Coal Mining: Jobs for Boys

Figure 1.--This October 1908 photograph was captioned, "Drift Mouth, San Lick Mine, near Grafton, W. Va. Bank Boss in centre: driver on his right: trapper boy outside. Alfred, about 14. He trapped several years during vacation: said he is going to school this year: asked if it were because school is more fun he said. 'This yere hain't no fun!'.

The younger boys by the early 20th century were often employed as breaker boys or tippler boys. These were two terms for the same job. Other boys were employed as trapper boys. The breaker boys separated slate rock from the coal after it had been brought out of the shaft. Older men and injured miners might also be employed here. The breaker boys might work shifts as long as 14 to 16 hours a day. This sorting process was normally done by boys, older men, and injured miners no longer capable of doing actual mine work. Boys did not have the physical strength or endurance needed for some of the underground operations. They could be employed for lower wages. Also their smaller more nimble hands were ideally suited for sorting. Younger boys might be stationed along the elongation oi the belt to pick out the smaller bits of nferior coal, shale, or pyrite. [Hawes, p. 256.] It was, however, a dangerous job and many boys sustained a range of injuries, especially working as breaker boys who might injure their fingers and hands. The job also exposed the boys to coal dust which they breathed in damaging their lungs. Just as there were no child labor laws. Workmen's compensation did not yet exist. Other boys working in the mines were trapper boys. These were boys who opperated the various trap doors in the mines. The trap doors help maintain areas where outside air was pumped ito the mines into area where the miners wrre working. This kept them supplied with fresh air as well as keeping gases building up in other areas a way from the miners. Trap doors had to be kept must be kept closed to keep the fresh air in the areas where the miners were working rather than disappating. Boys were usually employed to man the trap doors, opening and closing them as required. This was necessary as the miners filled coal carts which then had to be moved through the mine to the surface through areas or chambers where the fresh air was not supplied.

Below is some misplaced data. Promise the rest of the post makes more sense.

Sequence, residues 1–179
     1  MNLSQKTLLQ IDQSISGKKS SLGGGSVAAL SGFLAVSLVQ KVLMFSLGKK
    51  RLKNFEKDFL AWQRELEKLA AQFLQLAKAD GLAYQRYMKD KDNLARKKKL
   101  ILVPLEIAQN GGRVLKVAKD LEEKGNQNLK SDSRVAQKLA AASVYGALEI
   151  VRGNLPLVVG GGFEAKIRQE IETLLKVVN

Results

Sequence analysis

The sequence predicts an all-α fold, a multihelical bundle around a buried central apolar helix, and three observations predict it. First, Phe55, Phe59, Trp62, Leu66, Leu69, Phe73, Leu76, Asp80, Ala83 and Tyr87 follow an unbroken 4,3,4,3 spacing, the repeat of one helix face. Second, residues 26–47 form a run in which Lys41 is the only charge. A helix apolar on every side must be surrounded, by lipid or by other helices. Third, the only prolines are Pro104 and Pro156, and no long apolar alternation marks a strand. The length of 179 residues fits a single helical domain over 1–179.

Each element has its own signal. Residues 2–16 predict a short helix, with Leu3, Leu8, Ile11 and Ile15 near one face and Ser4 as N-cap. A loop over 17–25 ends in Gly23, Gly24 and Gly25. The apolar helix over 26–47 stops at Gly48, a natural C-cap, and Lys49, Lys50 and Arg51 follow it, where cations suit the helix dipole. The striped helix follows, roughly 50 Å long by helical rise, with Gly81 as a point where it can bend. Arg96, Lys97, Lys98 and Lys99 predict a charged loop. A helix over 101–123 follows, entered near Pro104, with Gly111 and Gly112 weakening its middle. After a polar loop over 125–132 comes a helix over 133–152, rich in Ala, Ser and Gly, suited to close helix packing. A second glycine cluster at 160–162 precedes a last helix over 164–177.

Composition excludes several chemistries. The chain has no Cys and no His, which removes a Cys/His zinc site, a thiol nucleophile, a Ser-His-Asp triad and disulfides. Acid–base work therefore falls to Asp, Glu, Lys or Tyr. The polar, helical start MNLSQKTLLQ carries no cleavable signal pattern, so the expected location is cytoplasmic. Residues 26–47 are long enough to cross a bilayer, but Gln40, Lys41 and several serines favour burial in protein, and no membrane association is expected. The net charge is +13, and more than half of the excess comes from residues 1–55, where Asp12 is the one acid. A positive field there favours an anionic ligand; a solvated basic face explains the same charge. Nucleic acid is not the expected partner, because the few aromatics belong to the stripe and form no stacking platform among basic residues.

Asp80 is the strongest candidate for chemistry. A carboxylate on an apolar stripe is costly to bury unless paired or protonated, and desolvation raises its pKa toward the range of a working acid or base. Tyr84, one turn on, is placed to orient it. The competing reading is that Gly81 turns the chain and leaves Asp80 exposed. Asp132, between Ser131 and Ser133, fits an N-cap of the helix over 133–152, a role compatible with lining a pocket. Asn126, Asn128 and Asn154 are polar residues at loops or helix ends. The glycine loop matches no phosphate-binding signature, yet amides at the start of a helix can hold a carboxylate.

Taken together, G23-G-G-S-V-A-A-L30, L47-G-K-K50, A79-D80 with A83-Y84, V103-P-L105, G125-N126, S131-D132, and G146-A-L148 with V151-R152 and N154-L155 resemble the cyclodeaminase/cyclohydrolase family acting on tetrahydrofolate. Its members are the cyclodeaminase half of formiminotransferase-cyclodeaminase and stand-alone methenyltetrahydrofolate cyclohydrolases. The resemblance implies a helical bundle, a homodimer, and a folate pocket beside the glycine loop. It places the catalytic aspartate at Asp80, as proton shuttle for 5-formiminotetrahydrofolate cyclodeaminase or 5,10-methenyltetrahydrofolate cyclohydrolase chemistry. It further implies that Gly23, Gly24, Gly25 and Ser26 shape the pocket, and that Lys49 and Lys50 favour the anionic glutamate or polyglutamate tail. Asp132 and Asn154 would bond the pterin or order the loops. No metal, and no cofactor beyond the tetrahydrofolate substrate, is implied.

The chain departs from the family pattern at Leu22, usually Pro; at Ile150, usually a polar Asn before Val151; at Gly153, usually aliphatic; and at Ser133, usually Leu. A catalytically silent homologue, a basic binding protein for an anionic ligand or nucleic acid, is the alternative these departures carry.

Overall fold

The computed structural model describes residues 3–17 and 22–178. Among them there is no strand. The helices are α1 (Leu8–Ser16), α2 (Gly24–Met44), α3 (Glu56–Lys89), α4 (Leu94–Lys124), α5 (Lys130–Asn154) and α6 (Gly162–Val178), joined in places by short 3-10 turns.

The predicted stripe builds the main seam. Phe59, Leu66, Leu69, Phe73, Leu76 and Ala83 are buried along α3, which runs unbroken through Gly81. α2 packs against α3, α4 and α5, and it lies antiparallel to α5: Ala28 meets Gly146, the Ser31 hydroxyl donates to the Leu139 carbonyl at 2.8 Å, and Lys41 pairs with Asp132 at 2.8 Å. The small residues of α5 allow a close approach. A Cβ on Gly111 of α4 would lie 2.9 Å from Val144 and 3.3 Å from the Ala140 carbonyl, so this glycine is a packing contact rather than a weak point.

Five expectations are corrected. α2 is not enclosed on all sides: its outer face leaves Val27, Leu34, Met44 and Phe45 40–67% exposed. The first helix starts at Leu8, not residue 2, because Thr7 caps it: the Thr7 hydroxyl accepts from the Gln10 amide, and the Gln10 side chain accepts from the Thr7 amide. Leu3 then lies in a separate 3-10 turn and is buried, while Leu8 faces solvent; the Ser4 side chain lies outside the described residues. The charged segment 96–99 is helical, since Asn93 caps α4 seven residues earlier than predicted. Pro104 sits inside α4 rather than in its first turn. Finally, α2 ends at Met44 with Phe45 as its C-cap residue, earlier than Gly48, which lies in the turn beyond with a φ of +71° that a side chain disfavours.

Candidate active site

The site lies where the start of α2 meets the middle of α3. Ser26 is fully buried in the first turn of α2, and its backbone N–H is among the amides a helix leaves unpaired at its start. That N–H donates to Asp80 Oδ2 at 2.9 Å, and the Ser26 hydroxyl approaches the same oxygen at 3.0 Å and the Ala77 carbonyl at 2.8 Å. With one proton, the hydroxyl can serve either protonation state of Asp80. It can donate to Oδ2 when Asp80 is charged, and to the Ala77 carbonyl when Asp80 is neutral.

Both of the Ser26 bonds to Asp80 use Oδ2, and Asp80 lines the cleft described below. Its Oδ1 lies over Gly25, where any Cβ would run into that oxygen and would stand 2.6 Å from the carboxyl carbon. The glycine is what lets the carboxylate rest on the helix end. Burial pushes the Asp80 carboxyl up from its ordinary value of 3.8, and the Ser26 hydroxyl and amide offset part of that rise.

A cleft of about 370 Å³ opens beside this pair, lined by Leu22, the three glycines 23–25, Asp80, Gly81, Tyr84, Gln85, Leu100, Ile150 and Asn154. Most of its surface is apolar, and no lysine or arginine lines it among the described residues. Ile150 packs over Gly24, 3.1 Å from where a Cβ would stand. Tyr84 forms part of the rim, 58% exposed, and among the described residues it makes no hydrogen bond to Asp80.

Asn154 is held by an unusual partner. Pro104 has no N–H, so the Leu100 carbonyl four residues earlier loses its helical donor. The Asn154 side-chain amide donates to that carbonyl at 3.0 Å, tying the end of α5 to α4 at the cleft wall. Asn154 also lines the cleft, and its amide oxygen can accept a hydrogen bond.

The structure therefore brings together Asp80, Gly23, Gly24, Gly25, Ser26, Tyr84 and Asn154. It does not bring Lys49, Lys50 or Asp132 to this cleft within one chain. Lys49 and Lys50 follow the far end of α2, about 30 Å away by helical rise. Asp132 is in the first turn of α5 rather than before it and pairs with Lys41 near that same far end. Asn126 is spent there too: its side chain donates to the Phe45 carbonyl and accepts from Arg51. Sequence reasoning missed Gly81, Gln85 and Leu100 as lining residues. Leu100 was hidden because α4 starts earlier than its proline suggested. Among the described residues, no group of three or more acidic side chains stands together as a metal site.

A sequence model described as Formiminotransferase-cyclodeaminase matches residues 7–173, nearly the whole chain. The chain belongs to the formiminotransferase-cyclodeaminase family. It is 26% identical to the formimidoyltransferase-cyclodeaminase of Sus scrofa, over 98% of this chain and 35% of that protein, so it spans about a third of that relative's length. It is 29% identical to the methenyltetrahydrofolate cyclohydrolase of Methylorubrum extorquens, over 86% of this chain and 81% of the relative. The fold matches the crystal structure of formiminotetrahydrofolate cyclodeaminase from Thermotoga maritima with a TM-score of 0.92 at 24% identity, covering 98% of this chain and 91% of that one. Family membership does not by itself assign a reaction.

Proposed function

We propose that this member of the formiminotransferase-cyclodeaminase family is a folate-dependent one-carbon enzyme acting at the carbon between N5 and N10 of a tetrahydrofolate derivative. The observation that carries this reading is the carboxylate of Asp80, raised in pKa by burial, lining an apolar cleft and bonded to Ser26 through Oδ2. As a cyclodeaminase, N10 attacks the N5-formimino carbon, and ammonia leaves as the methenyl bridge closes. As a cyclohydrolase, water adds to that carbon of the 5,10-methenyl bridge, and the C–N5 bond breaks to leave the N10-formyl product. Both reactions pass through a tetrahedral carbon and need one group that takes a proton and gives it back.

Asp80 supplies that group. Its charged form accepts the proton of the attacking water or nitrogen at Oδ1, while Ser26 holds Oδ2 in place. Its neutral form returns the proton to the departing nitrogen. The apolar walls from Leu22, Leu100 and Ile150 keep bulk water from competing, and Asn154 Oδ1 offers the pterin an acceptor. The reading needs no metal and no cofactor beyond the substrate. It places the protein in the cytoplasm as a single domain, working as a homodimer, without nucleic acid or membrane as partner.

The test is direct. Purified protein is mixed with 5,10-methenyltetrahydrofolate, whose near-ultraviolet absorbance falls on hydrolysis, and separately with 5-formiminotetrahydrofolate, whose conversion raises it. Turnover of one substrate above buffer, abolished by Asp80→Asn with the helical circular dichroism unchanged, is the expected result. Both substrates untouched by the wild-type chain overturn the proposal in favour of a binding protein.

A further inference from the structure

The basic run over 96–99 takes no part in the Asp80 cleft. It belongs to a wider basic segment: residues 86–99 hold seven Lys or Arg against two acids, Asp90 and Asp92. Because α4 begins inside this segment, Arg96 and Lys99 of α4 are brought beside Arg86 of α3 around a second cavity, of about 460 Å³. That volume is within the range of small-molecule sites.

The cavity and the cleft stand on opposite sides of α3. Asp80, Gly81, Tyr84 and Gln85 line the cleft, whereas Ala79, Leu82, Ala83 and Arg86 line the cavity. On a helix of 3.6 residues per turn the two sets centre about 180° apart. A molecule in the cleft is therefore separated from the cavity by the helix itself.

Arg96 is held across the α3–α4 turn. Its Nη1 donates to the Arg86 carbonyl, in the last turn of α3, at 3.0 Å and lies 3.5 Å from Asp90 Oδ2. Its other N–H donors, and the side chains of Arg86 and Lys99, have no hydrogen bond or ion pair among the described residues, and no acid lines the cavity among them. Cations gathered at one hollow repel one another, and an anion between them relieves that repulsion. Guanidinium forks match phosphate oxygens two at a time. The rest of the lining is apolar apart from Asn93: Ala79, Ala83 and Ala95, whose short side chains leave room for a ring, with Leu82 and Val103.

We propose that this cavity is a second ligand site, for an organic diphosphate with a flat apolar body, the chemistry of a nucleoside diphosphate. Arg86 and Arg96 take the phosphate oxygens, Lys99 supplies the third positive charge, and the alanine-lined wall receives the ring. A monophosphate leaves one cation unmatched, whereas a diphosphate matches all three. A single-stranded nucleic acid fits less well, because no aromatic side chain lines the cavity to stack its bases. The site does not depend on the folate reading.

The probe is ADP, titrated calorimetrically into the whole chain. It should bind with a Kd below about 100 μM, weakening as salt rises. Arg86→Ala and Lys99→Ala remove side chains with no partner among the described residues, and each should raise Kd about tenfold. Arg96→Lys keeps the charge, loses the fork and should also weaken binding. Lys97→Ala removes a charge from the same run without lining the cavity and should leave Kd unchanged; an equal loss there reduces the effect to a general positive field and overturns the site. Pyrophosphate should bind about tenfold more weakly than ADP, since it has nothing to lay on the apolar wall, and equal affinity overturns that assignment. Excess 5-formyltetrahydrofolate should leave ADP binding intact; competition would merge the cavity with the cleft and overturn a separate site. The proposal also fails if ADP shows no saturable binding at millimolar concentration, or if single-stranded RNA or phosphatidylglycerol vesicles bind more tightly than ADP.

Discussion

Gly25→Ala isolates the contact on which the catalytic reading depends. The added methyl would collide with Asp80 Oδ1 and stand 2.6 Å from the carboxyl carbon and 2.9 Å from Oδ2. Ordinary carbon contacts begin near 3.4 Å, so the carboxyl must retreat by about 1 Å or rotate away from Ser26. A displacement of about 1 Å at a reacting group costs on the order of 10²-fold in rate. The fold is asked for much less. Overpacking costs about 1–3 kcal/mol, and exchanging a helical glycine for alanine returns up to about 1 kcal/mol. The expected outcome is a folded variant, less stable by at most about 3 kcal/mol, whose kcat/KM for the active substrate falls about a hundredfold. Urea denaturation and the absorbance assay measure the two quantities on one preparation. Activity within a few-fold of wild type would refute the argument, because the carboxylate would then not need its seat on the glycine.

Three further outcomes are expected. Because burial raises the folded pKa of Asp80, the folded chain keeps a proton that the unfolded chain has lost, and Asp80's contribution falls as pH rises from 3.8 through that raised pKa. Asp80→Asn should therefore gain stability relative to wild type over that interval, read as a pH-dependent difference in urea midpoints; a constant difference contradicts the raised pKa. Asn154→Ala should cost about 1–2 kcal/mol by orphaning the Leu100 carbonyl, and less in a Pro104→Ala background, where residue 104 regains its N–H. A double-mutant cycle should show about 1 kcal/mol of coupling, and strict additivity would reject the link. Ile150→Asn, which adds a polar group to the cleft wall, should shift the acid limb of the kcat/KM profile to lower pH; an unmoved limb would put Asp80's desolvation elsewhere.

Hawes, G.A. "Murton colliery, Durham: Coal scrubbing and washing arrangements," in Mining: A Journal Devoted to the Interests of Mines and Mining Students (1895), pp 256-257.


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Created: 1:00 AM 6/22/2008
Last updated: 1:00 AM 6/22/2008